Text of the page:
Even worse, the family grows to love Bob for his seemingly childlike personality — helping young “Siggy” (Charlie Korsmo) overcome his fear of diving; giving teenage Anna (Kathryn Erbe) an ally for fun in a strict household; offering Marvin’s wife, Fay (Julie Hagerty), the freedom to laugh.
Of course, they all disregard Bob’s unhealthy obsession with Marvin, a behavior most people would view as troubling, if not criminal. (As multiple, hilarious YouTube parodies have proved, it’s easy to re-edit What About Bob? into a stalker-styled thriller with only the aid of creepy editing and dramatic music.)
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In a subtle but brilliant twist, the lead characters’ roles — and, up to a certain point, our sympathies toward them — superficially reverse. Bob is seemingly the more stable of the two, even offering his opinion about psychiatric medication to Marvin’s doctor.
Meanwhile, as Bob becomes more beloved, Dr. Marvin deploys more drastic means of ending that problem — including an attempt to institutionalize his nemesis and, eventually, blow him up with explosives. (Naturally, Bob thinks it’s all a ruse — he comes strolling back to the Marvin house, singing, “Your death therapy cured me, you genius” to the tune of “For He’s a Jolly Good Fellow.”)
What About Bob? ends in an even darker place: the vacation home in rubble, Marvin in a catatonic state, Bob marrying the former doctor’s sister — and only stirred back to normalcy with the horror of the wedding ceremony. (We learn via recap text that Bob later wrote his own best-selling book, Death Therapy, prompting a lawsuit from Marvin.)
Though their relationship never reached a Bob/Dr. Marvin level of unpleasantness, Murray and Dreyfuss notoriously clashed on set due to creative differences and personality clashes. “The script wasn’t nearly as annoying as I could be, so I had to improvise a lot in the movie,” Murray told Deseret News after the film’s release. “And even what you eventually see in the movie isn’t close to how really annoying I can be when I put my mind to it. … There’s always more annoying behavior right below the surface.”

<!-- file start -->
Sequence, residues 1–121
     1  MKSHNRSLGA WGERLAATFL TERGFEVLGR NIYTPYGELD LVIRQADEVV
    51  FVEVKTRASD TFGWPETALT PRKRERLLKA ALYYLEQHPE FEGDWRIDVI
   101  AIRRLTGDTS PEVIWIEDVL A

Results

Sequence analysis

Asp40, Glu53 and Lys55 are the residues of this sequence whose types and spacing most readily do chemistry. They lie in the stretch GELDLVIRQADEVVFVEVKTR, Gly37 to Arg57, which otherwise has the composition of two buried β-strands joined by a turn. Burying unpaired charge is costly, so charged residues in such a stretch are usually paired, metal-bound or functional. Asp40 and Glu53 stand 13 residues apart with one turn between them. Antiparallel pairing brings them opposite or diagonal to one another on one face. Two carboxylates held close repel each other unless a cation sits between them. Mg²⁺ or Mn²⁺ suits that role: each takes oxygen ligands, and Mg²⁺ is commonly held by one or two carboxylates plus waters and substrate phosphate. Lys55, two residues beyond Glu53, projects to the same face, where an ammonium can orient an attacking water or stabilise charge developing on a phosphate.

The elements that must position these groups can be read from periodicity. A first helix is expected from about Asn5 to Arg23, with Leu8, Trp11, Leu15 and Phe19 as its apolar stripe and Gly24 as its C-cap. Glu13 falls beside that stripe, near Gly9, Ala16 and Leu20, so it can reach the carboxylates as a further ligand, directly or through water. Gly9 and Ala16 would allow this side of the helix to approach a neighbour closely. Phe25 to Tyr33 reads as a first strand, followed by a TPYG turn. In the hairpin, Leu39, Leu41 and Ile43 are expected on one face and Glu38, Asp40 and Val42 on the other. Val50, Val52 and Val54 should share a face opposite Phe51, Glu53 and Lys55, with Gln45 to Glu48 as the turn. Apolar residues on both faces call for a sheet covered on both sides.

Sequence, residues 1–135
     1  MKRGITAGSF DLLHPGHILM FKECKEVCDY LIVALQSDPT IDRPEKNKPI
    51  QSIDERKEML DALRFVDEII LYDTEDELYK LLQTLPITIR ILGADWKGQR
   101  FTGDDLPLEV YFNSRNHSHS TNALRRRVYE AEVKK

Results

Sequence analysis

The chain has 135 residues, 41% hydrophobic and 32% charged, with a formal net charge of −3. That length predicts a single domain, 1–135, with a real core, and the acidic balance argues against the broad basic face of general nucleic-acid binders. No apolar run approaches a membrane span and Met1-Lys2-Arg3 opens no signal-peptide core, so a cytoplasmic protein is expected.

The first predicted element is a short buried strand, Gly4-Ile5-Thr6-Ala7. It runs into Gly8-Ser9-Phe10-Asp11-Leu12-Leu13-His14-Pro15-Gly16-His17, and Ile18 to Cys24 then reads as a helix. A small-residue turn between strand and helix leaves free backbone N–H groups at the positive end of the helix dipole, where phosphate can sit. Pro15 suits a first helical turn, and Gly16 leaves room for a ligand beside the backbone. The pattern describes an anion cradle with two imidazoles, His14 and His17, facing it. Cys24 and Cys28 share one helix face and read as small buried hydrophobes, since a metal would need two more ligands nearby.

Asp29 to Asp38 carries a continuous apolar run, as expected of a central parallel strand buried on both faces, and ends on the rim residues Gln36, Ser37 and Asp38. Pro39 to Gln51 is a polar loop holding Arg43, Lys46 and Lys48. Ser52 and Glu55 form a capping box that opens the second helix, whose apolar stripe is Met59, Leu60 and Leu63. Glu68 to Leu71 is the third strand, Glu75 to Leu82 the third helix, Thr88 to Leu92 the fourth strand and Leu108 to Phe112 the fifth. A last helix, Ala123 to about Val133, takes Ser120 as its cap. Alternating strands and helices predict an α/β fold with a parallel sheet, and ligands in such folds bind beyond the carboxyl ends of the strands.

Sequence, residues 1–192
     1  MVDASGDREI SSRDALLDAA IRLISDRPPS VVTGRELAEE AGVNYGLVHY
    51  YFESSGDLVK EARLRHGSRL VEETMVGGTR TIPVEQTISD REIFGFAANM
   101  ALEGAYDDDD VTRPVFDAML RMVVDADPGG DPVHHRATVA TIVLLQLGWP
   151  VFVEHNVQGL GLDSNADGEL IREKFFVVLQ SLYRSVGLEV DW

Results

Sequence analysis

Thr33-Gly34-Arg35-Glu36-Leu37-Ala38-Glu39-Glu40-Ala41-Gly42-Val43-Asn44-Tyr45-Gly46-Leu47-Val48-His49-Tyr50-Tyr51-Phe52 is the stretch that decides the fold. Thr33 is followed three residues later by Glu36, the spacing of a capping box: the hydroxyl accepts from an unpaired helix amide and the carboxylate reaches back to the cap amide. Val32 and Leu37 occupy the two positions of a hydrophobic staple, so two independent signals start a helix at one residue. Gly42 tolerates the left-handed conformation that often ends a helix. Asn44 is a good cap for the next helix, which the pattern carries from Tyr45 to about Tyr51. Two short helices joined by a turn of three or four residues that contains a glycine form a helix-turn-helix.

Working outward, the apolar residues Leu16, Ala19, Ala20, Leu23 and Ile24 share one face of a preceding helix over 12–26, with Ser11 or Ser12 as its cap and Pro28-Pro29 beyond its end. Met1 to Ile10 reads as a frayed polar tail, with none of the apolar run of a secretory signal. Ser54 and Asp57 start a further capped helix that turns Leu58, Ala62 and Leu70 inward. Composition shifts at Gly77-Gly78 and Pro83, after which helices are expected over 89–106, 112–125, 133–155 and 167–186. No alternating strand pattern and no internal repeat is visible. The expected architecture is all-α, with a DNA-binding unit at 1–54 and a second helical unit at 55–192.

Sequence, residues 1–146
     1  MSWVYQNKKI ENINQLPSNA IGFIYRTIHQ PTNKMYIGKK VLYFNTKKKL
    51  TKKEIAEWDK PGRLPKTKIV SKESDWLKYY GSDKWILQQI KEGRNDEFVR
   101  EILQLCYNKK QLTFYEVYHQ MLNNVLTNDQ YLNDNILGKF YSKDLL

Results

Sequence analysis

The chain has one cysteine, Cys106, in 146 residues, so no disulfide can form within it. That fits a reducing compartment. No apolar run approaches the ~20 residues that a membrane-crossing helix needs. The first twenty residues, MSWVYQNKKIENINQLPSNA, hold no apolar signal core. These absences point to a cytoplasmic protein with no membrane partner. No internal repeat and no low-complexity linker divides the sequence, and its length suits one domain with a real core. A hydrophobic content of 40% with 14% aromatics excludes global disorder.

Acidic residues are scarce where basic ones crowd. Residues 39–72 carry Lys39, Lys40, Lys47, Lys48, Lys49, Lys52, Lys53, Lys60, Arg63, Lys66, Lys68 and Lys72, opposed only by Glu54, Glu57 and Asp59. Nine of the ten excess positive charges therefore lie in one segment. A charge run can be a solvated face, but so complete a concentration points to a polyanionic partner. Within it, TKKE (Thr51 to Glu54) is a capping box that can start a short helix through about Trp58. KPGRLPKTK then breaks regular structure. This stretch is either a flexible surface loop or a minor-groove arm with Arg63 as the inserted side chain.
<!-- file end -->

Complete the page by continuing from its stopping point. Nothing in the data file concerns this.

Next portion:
In the same interview, Murray detailed “all sorts of annoying things” he did to Dreyfuss during the shoot. “While he was talking, I got in real close to crowd him, I put my head on his shoulder, screamed into his ear,” he said. “Some of that was even in the script …no wait, none of that was in script. I made it all up. … It was quite liberating to play someone like that. When you’ve got as many problems as Bob has, anything goes. Anything that I could think of to annoy someone in a scene, particularly if it was Dreyfuss, I went with it.”
In a 2019 Yahoo! interview, Dreyfuss called Murray an “Irish drunken bully” while describing one notable altercation. “[Murray] came back from dinner [one night] and I said, ‘Read this [script tweak]; I think it’s really funny,” he said. “And he put his face next to me, nose to nose. And he screamed at the top of his lungs, ‘Everyone hates you! You are tolerated!’ There was no time to react because he leaned back and he took a modern glass-blown ashtray. He threw it at my face from [only a couple feet away]. And it weighed about three quarters of a pound. And he missed me. He tried to hit me. I got up and left.”
Who knows how Bob? would have turned out if the actors had gotten along. In hindsight, it sure seems like the conflict fueled the comedy.
“How about it? Funny movie. Terribly unpleasant experience,” Dreyfuss told A.V. Club in 2009. “We didn’t get along, me and Bill Murray. But I’ve got to give it to him: I don’t like him, but he makes me laugh even now.”